The report also recommends reforming legislation on financing electoral campaigns and political parties in order to prevent financing from crime or dubious proceeds and establishing special anti-Mafia structures with experts of various fields.

The authors also suggest amending the Criminal Code to classify every physical or psychological assault and blackmail against investigative journalists, civil society and researchers carrying out reports on corruption and organized crime as a criminal offence.

In its latest country report, the European Commission says only less than half of organized crime cases in Albania lead to confiscation of assets.

“Less than 50 percent of organized crime cases lead to confiscation of assets. Leaks to the press, violations of the secrecy of investigations and endangerment of the safety of police officers and prosecutors are still frequent,” it adds.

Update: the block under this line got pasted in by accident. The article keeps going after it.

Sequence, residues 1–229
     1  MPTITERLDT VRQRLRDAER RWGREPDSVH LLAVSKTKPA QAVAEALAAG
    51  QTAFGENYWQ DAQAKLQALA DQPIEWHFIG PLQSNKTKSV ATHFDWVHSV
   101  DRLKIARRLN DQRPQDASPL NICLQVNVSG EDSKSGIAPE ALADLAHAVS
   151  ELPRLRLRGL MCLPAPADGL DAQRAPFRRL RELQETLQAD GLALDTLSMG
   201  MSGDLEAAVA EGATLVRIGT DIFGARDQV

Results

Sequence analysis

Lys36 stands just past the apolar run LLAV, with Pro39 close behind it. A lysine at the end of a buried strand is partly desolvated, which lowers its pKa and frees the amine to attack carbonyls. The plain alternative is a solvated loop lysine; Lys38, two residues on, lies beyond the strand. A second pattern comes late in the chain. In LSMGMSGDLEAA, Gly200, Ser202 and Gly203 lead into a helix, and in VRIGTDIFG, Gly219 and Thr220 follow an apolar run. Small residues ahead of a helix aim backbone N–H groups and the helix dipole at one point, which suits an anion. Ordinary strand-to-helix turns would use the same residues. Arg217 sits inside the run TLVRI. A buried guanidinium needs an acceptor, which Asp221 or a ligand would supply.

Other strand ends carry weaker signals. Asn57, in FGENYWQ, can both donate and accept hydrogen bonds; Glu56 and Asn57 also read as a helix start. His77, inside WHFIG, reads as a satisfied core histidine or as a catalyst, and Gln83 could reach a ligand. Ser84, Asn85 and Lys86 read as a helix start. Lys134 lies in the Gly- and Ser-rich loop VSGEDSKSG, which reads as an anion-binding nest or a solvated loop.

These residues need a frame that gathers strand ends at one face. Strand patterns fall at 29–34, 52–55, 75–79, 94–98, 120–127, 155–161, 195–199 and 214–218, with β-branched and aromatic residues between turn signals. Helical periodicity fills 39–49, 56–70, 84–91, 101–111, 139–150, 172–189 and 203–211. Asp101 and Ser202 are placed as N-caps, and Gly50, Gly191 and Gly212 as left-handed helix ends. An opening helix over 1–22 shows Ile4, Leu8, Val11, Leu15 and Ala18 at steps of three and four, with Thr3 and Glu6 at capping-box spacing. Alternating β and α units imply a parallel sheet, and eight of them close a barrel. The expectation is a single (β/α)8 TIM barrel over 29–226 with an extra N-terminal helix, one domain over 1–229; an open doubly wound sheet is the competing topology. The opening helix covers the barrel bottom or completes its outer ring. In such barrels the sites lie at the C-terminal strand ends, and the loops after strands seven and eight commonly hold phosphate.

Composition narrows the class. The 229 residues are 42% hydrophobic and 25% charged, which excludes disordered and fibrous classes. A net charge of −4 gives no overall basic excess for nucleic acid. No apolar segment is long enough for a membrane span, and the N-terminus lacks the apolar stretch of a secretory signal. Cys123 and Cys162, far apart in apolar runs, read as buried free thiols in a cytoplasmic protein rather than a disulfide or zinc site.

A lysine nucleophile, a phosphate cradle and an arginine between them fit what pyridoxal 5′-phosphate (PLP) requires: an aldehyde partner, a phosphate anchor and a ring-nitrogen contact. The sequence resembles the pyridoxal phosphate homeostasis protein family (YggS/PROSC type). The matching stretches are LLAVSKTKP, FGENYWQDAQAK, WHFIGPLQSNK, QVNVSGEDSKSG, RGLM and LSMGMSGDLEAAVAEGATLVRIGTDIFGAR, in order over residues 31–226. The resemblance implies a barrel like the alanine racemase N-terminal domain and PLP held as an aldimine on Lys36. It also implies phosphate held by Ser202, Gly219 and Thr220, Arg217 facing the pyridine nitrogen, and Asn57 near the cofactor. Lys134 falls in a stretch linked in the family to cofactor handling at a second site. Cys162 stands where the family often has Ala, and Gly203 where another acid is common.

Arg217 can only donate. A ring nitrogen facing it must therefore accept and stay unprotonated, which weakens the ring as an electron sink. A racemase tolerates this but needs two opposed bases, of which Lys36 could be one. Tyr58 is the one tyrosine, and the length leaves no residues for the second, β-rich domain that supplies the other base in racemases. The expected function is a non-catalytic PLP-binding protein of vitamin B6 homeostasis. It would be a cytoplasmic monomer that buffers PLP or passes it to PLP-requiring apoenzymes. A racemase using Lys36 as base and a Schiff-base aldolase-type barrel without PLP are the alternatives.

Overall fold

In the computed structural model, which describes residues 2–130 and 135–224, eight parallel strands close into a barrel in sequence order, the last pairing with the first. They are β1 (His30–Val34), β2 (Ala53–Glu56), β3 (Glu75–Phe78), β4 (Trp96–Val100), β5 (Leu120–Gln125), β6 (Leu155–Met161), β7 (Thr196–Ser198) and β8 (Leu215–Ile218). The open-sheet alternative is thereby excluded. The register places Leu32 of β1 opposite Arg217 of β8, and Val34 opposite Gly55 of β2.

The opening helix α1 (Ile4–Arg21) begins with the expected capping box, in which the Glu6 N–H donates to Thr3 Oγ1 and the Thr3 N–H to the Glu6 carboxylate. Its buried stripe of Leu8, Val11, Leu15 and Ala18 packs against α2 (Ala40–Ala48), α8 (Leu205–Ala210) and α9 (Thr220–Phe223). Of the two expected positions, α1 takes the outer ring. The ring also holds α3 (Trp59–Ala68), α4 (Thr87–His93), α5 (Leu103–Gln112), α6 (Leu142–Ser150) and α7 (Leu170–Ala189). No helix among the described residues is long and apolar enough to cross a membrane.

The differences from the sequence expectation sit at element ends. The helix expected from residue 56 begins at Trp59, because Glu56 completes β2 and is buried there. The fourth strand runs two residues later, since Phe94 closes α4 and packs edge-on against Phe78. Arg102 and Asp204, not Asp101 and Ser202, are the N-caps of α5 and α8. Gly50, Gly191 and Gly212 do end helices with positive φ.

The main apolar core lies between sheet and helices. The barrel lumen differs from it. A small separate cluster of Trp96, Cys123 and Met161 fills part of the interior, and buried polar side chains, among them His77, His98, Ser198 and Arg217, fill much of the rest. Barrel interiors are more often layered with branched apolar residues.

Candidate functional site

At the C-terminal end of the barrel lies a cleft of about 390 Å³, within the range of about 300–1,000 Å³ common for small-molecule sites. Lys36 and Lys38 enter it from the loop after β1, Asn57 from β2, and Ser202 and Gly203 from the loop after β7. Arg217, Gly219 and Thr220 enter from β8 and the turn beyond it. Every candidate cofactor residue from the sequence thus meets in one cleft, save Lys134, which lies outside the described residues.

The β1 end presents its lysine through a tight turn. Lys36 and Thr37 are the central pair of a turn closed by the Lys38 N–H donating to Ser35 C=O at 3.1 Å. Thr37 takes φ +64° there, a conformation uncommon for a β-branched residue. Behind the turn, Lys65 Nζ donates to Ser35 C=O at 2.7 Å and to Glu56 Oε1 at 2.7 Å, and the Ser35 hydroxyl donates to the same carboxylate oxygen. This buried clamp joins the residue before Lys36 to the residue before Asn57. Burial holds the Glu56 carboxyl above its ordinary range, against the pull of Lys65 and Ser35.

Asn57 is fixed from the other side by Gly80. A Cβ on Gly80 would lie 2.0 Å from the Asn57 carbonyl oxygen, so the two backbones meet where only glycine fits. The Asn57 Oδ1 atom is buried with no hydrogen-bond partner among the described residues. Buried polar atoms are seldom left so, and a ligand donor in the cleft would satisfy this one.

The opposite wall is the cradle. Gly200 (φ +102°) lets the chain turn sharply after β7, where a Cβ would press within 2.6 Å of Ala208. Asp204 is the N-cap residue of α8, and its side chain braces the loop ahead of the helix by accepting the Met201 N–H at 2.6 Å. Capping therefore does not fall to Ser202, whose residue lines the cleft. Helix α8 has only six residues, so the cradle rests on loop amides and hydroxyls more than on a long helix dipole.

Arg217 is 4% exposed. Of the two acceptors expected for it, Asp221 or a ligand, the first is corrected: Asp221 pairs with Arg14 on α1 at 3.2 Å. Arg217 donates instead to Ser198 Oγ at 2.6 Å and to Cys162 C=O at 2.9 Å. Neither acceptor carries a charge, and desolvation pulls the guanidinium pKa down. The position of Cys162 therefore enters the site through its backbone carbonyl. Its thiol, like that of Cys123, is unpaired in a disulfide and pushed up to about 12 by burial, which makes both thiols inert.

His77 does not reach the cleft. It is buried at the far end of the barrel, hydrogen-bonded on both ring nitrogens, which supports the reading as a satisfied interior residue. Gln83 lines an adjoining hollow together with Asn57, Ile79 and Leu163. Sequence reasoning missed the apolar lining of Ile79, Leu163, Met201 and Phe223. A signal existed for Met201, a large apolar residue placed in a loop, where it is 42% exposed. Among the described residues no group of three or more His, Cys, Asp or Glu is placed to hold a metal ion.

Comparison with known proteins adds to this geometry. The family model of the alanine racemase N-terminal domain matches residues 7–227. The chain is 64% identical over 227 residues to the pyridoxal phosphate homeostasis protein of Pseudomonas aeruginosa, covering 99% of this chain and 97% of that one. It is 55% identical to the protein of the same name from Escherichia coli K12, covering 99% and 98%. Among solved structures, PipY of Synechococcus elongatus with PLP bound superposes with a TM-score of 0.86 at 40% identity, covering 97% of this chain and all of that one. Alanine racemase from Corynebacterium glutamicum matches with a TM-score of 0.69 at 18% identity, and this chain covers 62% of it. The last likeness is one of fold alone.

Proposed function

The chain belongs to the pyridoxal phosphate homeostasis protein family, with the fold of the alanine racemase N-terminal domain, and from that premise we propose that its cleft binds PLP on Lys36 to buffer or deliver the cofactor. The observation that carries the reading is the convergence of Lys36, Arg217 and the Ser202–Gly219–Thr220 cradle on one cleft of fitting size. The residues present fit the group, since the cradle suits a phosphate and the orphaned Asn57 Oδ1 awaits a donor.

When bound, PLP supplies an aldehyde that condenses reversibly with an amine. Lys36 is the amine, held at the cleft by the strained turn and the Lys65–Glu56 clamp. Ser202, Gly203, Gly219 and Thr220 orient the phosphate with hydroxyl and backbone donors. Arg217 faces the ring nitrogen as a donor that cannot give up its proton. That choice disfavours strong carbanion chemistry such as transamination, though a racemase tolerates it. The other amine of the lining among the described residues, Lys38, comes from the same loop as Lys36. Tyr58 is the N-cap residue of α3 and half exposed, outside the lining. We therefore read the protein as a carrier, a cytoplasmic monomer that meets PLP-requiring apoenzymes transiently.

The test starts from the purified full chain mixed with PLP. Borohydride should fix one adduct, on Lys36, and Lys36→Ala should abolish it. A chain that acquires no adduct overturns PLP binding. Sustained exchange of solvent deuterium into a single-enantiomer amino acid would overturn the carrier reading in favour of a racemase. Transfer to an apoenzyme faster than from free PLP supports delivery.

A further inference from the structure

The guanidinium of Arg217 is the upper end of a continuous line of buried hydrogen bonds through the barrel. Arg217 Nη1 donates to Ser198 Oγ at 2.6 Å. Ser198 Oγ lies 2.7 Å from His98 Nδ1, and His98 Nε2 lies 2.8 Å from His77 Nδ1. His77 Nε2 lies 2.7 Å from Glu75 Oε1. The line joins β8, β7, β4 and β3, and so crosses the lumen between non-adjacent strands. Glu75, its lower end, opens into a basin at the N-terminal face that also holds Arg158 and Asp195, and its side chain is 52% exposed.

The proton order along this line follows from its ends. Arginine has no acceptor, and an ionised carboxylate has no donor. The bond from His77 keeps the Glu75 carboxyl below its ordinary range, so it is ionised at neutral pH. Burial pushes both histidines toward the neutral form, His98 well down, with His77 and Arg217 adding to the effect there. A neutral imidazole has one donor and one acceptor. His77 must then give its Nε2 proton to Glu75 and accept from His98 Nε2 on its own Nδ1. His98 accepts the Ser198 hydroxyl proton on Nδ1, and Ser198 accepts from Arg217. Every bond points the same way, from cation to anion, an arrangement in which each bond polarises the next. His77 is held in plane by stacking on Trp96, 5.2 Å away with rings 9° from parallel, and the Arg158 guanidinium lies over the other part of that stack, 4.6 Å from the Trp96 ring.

Cannabis cultivation and trafficking has seen a sharp increase in the past couple of years, with its crime proceeds estimated to have been invested in real estate and other money laundering activities.

Albanian police say they destroyed 2.5 million of cannabis plants in 2016 spread over a 213 hectare area nationwide, a 3-fold increase compared to the whole of 2015, making Albania Europe’s largest cannabis producer.
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                    [post_content] => TIRANA, Nov. 30 – Albania’s valleys offer a wide range of natural diversification both for the country and the region. The Kune-Vain valley in Lezhë was the first area to be declared protected in Albania, 77 years ago. Though the valley was damaged after 1990 due to illegal hunting and unplanned construction around it, the implementation of a moratorium prohibiting hunting has led to the recuperation of the valley’s flora and fauna and the return of some long-gone species of birds.